# Interop

If you prefer using Cats Effect or Monix rather than ZIO, you can use the respective caliban-cats and caliban-monix modules.

The caliban-tapir module allows converting your Tapir endpoints into a GraphQL API.

# Cats Effect

You first need to import caliban.interop.cats.implicits._ and have an implicit zio.Runtime in scope. Then a few helpers are available:

  • the GraphQL object is enriched with interpreterAsync, a variant of interpreter that return an F[_]: Async instead of a ZIO.
  • the GraphQLInterpreter object is enriched with executeAsync and checkAsync, variants of execute and check that return an F[_]: Async instead of a ZIO.
  • the Http4sAdapter also has cats-effect variants named makeRestServiceF and makeWebSocketServiceF.

In addition to that, a Schema for any F[_]: Effect is provided. That means you can include fields returning Monix Task for Cats IO in your queries, mutations or subscriptions.

The following example shows how to create an interpreter and run a query while only using Cats IO.

import caliban.GraphQL.graphQL
import caliban.RootResolver
import caliban.interop.cats.implicits._
import cats.effect.{ ExitCode, IO, IOApp }
import zio.Runtime

object ExampleCatsInterop extends IOApp {

  implicit val runtime = Runtime.default

  case class Queries(numbers: List[Int], randomNumber: IO[Int])

  val queries     = Queries(List(1, 2, 3, 4), IO(scala.util.Random.nextInt()))
  val api = graphQL(RootResolver(queries))

  val query = """
  {
    numbers
    randomNumber
  }"""

  override def run(args: List[String]): IO[ExitCode] =
    for {
      interpreter <- api.interpreterAsync[IO]
      result      <- interpreter.executeAsync[IO](query)
      _           <- IO(println(result.data))
    } yield ExitCode.Success
}

You can find this example within the examples project.

# Monix

You first need to import caliban.interop.monix.implicits._ and have an implicit zio.Runtime in scope. Then a few helpers are available:

  • the GraphQL object is enriched with interpreterAsync, a variant of interpreter that return a Monix Task instead of a ZIO.
  • the GraphQLInterpreter object is enriched with executeAsync and checkAsync, variants of execute and check that return a Monix Task instead of a ZIO.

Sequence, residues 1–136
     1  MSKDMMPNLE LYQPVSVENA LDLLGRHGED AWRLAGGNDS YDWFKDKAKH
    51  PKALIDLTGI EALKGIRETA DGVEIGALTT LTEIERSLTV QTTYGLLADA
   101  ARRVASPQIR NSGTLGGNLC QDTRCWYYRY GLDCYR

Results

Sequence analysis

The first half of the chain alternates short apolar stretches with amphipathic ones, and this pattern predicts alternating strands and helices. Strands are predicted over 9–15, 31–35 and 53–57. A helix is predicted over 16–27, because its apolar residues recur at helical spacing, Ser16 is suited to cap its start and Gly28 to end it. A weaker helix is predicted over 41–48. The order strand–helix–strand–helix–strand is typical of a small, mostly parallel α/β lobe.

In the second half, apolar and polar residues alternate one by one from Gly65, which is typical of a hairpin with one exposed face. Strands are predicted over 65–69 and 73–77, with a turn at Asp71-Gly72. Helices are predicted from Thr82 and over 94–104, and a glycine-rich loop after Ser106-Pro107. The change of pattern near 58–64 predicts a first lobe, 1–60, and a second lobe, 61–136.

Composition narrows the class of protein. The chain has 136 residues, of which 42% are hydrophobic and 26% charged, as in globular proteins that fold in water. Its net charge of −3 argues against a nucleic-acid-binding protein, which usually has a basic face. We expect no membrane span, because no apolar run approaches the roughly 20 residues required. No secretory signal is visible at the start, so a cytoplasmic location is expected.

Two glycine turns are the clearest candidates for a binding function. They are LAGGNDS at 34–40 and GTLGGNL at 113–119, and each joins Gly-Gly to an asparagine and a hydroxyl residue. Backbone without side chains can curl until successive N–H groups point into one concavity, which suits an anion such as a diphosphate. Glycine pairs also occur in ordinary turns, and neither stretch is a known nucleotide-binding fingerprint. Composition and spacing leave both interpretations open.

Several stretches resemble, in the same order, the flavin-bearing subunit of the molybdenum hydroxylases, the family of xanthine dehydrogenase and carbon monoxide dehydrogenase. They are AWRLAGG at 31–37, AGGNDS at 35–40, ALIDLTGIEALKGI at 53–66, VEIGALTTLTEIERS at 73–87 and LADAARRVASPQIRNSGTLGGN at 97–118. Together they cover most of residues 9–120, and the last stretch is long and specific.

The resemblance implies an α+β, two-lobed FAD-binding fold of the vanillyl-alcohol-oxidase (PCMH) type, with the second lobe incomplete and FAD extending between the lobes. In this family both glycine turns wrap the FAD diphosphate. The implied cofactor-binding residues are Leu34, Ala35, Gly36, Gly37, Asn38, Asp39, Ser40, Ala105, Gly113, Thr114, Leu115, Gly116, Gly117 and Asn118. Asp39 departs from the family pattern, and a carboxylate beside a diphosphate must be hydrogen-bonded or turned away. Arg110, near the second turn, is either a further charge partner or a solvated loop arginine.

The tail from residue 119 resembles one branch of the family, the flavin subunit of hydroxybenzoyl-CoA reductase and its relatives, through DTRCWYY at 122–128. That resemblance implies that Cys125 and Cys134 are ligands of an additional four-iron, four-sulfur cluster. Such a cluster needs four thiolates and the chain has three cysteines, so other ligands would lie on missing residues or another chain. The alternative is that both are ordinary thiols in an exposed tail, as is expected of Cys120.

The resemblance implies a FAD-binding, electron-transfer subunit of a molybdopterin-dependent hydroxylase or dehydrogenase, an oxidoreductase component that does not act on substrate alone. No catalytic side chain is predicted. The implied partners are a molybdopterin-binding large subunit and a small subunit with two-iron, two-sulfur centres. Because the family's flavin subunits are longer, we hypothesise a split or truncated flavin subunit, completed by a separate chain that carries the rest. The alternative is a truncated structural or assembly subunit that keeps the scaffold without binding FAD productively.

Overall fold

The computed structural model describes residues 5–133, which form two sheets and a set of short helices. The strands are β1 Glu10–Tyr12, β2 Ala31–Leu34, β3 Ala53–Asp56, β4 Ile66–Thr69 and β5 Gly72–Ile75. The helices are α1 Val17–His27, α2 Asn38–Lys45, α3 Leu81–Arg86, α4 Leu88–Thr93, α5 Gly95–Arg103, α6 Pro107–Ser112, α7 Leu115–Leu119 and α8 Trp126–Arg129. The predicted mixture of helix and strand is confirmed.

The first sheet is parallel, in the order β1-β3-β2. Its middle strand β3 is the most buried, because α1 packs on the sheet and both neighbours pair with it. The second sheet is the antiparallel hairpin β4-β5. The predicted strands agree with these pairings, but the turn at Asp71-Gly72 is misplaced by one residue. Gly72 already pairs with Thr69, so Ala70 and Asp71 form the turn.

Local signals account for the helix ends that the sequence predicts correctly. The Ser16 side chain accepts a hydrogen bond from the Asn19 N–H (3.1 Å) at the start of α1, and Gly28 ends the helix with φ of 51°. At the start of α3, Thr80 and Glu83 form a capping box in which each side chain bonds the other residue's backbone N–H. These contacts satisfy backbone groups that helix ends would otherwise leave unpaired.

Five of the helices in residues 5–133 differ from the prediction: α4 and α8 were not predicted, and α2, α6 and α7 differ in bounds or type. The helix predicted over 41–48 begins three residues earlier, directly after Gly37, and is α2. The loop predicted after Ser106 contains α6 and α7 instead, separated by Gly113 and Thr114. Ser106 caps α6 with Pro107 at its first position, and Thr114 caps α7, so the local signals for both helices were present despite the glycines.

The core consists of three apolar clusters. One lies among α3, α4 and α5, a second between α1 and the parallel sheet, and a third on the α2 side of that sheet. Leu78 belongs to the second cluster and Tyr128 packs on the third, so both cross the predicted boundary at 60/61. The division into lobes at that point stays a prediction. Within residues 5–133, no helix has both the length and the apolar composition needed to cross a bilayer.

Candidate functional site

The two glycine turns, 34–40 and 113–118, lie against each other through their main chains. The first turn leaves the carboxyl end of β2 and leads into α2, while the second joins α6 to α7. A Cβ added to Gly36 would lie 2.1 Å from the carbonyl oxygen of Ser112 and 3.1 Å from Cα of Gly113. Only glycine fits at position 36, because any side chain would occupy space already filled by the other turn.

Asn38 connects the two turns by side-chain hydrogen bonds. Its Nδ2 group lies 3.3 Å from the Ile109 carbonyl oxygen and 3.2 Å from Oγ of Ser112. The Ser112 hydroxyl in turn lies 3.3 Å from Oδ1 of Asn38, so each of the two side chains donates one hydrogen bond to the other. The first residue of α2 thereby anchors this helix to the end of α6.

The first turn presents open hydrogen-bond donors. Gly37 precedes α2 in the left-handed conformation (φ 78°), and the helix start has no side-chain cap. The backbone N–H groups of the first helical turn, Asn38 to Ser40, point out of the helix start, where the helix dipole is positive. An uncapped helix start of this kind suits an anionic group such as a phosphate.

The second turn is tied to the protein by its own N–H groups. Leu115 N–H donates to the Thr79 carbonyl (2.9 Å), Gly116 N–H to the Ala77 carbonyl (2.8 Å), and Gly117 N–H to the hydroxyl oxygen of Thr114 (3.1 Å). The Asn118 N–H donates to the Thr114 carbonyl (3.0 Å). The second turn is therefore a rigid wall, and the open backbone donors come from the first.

In addition to that, a Schema for any Monix Task as well as Observable is provided.

The following example shows how to create an interpreter and run a query while only using Monix Task.

import caliban.GraphQL.graphQL
import caliban.RootResolver
import caliban.interop.monix.implicits._
import cats.effect.ExitCode
import monix.eval.{ Task, TaskApp }
import monix.execution.Scheduler
import zio.DefaultRuntime

object ExampleMonixInterop extends TaskApp {

  implicit val runtime = new DefaultRuntime {}
  implicit val monixScheduler: Scheduler = scheduler

  case class Queries(numbers: List[Int], randomNumber: Task[Int])

  val queries     = Queries(List(1, 2, 3, 4), Task.eval(scala.util.Random.nextInt()))
  val api = graphQL(RootResolver(queries))

  val query = """
  {
    numbers
    randomNumber
  }"""

  override def run(args: List[String]): Task[ExitCode] =
    for {
      interpreter <- api.interpreterAsync
      result      <- interpreter.executeAsync(query)
      _           <- Task.eval(println(result.data))
    } yield ExitCode.Success
}

You can find this example within the examples project.

# Tapir

After adding the caliban-tapir dependency to your build, adding import caliban.interop.tapir._ to your code will introduce an extension method called toGraphQL on Tapir's Endpoint and ServerEndpoint. This method will convert your endpoint into a GraphQL object that you can then combine and expose.

The conversion rules are the following:

  • GET endpoints are turned into Queries
  • PUT, POST and DELETE endpoints are turned into Mutations
  • fixed query paths are used to name GraphQL fields (e.g. an endpoint /book/add will give a GraphQL field named bookAdd)
  • query parameters, headers, cookies and request body are used as GraphQL arguments
  • there should be an implicit Schema for both the input and the output types and an implicit ArgBuilder for the input type (see the dedicated docs)

Let's look at an example. Imagine we have the following Tapir endpoint:

val addBook: Endpoint[(Book, String), Nothing, Unit, Nothing] =
  infallibleEndpoint
    .post
    .in("books")
    .in("add")
    .in(
      jsonBody[Book]
        .description("The book to add")
        .example(Book("Pride and Prejudice", 1813))
    )
    .in(header[String]("X-Auth-Token").description("The token is 'secret'"))

And a possible implementation:

def bookAddLogic(book: Book, token: String): UIO[Unit] = ???

Just like you can create an http4s route by calling toRoute and passing an implementation, call toGraphQL to create a GraphQL API:

val api: GraphQL[Any] = addBook.toGraphQL((bookAddLogic _).tupled)

That's it! You can combine multiple GraphQL objects using |+| and expose the result using one of Caliban's adapters.

If you want to reuse bookAddLogic for both GraphQL and regular HTTP, you can turn your Endpoint into a ServerEndpoint by calling .serverLogic:

val addBookEndpoint: ServerEndpoint[(Book, String), Nothing, Unit, Nothing, UIO] =
  addBook.serverLogic[UIO] { case (book, token) => bookAddLogic(book, token).either }

This can then be used to generate both an HTTP route (e.g. toRoutes with http4s) and a GraphQL API (.toGraphQL).

val api: GraphQL[Any] = addBookEndpoint.toGraphQL

You can find a full example on github.

# GraphQL restrictions

GraphQL spec requires unique naming for all operations.

To customize the name of an operation use EndpointInfo.name

endpoint
  .name("overrideName")